ST. PAUL, Minn. — Bruce Boudreau brought his mastery of the regular season to Minnesota last season, and the Wild aced that test behind their new head coach.
Playing deep into the postseason and, of course, hoisting that Stanley Cup is still the elusive goal for all involved.
“Our motto this year is `good is not good enough,’ because we’re always good,” Boudreau said. “We want to strive to be better than good. We want to be great.”
The franchise-record 106 points the Wild compiled last season, good for second best in the Western Conference, ultimately fell in the “not good enough” category after a five-game loss in the first round of the playoffs to the St. Louis Blues. In 17 years of existence, the Wild have only won four out of 12 postseason series. They’ve reached the final four just once, in 2003.
Boudreau, who leads all active NHL coaches in winning percentage, is 5-9 in playoff series. He has reached the conference finals only once, in 2015 with the Anaheim Ducks. So there’s no hiding from this reality of the lack of spring success.
“We think we’ve got a team that’s built to win,” Boudreau said, adding: “If they’re as hungry and upset about the way things ended after having six really good months, and if we come out with that hunger, I think we’ll be really good.”
Owner Craig Leipold told reporters recently that “anything short of winning the Stanley Cup would be a disappointment,” a bold proclamation from a boss who’s been exceptionally patient since buying the club nearly 10 years ago. General manager Chuck Fletcher has entered his ninth season on the job.
With captain Mikko Koivu (age 34) and the $98 million men, left wing Zach Parise (age 33) and defenseman Ryan Suter (age 32), all moving past their prime years, the question was asked of Leipold whether the team is concerned about its window for championship contention closing.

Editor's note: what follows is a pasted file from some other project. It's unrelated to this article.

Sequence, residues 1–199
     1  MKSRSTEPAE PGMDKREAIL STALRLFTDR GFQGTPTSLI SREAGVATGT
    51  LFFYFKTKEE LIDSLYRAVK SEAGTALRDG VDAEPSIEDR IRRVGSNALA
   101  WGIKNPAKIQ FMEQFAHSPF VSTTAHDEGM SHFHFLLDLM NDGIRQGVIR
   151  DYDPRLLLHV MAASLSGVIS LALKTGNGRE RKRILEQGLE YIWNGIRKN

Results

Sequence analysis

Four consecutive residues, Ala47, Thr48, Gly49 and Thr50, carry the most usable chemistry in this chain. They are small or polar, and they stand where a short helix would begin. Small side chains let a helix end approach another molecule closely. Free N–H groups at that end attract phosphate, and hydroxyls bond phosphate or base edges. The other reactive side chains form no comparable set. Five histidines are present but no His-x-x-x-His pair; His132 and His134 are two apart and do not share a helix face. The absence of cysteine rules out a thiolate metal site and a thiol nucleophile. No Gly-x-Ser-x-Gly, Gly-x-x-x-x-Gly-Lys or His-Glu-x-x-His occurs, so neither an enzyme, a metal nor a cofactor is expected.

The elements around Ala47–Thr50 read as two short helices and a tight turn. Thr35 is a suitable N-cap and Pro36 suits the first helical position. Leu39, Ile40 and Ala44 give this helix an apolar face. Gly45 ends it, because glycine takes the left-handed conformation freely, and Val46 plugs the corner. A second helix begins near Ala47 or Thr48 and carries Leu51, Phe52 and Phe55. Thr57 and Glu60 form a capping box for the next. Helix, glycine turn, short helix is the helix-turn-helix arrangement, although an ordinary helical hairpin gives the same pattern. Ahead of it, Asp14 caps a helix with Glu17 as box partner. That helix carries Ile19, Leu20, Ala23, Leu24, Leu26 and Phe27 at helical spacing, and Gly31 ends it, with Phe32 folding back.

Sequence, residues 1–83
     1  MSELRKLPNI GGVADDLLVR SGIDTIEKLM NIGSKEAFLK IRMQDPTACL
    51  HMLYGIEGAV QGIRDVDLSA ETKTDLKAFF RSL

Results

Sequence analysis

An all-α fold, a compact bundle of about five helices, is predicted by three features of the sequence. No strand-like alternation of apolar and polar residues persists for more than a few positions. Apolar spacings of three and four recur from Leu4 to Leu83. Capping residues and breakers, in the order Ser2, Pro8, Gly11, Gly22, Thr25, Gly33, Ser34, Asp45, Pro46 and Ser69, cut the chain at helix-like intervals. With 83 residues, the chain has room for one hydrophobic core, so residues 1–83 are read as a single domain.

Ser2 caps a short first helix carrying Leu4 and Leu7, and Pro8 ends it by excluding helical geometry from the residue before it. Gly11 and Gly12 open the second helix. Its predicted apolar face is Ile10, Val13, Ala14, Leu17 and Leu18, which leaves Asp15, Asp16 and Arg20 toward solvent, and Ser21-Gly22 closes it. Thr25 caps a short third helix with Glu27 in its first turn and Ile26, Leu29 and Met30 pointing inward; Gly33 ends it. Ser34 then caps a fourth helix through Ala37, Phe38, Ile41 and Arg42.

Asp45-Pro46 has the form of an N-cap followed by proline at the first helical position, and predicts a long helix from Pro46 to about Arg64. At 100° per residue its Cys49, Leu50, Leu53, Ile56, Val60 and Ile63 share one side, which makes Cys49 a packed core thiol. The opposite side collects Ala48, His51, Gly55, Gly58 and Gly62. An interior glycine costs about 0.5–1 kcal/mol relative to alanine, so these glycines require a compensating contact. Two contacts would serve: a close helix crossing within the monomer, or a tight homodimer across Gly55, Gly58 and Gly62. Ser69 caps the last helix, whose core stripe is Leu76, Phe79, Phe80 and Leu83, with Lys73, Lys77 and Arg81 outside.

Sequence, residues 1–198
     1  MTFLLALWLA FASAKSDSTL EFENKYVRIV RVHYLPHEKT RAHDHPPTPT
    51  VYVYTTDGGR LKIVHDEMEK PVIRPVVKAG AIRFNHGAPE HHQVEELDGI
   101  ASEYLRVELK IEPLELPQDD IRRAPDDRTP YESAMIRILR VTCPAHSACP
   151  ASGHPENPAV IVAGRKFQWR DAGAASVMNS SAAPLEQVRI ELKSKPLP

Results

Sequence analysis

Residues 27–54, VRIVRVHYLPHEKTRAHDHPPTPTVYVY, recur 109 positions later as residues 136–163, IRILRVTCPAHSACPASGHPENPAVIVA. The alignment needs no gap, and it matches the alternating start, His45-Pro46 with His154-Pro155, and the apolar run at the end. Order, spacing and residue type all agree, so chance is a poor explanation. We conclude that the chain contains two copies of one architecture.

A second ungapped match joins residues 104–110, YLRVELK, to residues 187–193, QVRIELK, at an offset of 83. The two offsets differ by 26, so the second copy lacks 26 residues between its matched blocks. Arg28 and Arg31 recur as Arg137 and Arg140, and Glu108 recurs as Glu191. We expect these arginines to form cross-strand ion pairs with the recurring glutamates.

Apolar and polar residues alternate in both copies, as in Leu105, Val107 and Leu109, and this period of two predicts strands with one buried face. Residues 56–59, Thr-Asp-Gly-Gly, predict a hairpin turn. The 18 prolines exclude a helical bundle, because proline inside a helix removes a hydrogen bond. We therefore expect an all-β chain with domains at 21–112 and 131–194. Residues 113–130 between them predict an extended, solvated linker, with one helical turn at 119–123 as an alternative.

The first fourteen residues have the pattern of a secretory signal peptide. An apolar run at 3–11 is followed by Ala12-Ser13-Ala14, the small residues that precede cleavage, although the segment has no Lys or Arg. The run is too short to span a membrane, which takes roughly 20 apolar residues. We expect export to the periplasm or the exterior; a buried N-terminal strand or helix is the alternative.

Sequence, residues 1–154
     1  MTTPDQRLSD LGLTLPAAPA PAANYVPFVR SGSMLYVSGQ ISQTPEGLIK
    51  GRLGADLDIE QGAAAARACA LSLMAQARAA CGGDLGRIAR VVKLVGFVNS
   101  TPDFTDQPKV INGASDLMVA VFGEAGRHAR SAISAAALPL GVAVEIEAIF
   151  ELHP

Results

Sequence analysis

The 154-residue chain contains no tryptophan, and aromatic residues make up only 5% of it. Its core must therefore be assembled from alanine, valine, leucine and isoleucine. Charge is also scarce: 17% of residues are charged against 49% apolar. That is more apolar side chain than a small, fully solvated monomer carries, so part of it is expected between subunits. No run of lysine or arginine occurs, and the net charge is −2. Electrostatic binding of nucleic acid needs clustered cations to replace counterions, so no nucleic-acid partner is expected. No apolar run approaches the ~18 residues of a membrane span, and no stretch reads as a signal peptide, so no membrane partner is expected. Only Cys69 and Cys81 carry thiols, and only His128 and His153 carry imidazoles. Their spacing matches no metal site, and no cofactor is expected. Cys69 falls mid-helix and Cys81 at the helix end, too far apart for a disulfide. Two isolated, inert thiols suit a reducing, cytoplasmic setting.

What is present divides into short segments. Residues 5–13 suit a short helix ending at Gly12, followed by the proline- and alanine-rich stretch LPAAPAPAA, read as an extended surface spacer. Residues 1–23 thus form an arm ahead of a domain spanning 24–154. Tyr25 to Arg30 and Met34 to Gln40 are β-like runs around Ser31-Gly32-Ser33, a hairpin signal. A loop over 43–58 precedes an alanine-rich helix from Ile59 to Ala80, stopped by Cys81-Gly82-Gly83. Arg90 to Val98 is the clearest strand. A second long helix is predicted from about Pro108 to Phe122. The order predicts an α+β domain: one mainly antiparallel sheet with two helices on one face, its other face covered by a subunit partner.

“The window is wide open for us,” Leipold said. “We’ve got some players that are hitting their prime and some young guys coming up we talk about all the time.”
The opener at Detroit’s new arena is on Oct. 5, with the first home game not until Oct. 14 against Columbus.
Here are some key angles to follow as the season unfolds:
The Wild were able to retain defensemen Matt Dumba and Jonas Brodin through the expansion draft, by trading prospect Alex Tuch to Vegas so the Golden Knights would take center Erik Haula instead. Marco Scandella was traded to the Buffalo Sabres, though, creating an opening among the top-six blue-liners. Fletcher signed 13-year veteran Kyle Quincey for depth, and returning youngsters Gustav Olofsson and Mike Reilly will be in the mix for a spot in the lineup as well.
Suter, who’s expected to be paired with Dumba this season with Jared Spurgeon next to Brodin, expressed confidence in the Wild’s ability to replace Scandella.
“Guys are ready to step up to a higher role and have a little bit more pressure on them,” Suter said. “I don’t think he’d be gone if guys weren’t ready.”
CULLING WISDOM FROM CULLEN
The Wild made mostly cosmetic moves during the offseason, but perhaps their most important addition was 40-year-old center Matt Cullen, the Minnesota native who spent three previous seasons with the team before going to win a pair of Stanley Cup titles with the Pittsburgh Penguins. Cullen will likely anchor the fourth line and provide a calm, wise presence in the locker room.